"Trust me...": Psychological and behavioral predictors of perceived physician empathy

Silvester, J., Patterson, F., Koczwara, A. & Ferguson, E. (2007). "Trust me...": Psychological and behavioral predictors of perceived physician empathy. Journal of Applied Psychology, 92(2), pp. 519-527. doi: 10.1037/0021-9010.92.2.519

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Abstract

A sociocognitive model of distal and proximal predictors of empathic judgments was tested among 100 physicians. The authors hypothesized that physician perceived control would affect empathy ratings via physician communication style. Specifically, physicians with high perceived control would use more open communication and be rated as more empathic. Physicians with low perceived control would use a controlling communication style and be rated as less empathic. Physicians completed a medical attribution questionnaire prior to a structured patient consultation exercise, during which patients and assessors rated physician empathy. The exercise was audiotaped, transcribed, and content analyzed for verbal behaviors. Support was found for the hypotheses; however, patients, but not medical assessors, associated empathy with reassurance and provision of medical information.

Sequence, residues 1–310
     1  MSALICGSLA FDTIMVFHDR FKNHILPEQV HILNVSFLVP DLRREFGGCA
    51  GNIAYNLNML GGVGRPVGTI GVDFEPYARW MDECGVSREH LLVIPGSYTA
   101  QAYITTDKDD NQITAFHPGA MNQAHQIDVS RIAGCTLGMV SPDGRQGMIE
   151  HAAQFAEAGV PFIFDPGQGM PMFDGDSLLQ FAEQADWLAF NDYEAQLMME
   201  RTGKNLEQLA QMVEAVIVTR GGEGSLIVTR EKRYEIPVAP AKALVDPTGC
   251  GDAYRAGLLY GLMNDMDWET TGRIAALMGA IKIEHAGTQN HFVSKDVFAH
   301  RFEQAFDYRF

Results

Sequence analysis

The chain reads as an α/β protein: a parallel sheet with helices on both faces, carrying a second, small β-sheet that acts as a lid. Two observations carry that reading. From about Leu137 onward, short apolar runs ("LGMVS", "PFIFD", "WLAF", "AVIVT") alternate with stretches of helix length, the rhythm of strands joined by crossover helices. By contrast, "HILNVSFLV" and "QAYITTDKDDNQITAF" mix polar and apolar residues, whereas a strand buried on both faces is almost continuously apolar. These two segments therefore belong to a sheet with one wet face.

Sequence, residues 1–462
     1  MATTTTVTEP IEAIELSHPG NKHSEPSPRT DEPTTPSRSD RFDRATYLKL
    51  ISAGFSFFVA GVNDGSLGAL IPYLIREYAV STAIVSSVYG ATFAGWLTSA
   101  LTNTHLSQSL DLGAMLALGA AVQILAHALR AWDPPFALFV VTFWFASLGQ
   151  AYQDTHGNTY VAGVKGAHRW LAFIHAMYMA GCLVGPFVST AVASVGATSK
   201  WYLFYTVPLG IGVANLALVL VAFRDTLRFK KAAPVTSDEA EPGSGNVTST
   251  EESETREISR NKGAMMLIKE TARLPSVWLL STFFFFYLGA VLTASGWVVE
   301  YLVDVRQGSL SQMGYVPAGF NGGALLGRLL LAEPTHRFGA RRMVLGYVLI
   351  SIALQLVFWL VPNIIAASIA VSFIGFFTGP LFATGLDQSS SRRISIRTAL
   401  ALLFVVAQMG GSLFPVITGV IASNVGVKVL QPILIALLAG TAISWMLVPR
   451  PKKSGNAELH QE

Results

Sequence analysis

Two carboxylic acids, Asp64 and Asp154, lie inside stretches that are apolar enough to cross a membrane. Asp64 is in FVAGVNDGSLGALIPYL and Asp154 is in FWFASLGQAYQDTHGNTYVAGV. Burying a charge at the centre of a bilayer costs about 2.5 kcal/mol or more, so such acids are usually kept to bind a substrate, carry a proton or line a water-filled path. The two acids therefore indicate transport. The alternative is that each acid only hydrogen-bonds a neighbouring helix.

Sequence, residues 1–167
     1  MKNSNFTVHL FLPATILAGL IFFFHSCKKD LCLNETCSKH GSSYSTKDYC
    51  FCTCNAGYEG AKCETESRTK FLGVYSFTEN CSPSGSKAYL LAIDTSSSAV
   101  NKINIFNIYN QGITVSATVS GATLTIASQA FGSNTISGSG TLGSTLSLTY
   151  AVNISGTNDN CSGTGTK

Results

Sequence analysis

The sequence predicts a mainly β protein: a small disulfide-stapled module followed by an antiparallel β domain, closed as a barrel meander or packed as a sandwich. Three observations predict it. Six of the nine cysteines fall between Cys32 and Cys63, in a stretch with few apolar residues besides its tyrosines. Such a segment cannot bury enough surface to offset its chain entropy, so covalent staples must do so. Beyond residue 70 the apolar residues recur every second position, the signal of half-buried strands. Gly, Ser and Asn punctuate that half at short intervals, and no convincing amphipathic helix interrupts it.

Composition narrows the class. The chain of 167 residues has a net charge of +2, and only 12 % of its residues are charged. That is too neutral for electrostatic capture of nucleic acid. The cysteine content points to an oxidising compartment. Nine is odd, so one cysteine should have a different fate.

Item Type: Article
Uncontrolled Keywords: empathy, physician, communication, patient judgment, PATIENT SATISFACTION, HELPING-BEHAVIOR, GENERAL-PRACTICE, COMMUNICATION, ATTRIBUTIONS, PERFORMANCE, HEALTH, ISSUES, STYLE
Subjects: B Philosophy. Psychology. Religion > BF Psychology
R Medicine > R Medicine (General)
Divisions: School of Social Sciences > Department of Psychology
URI: http://openaccess.city.ac.uk/id/eprint/447

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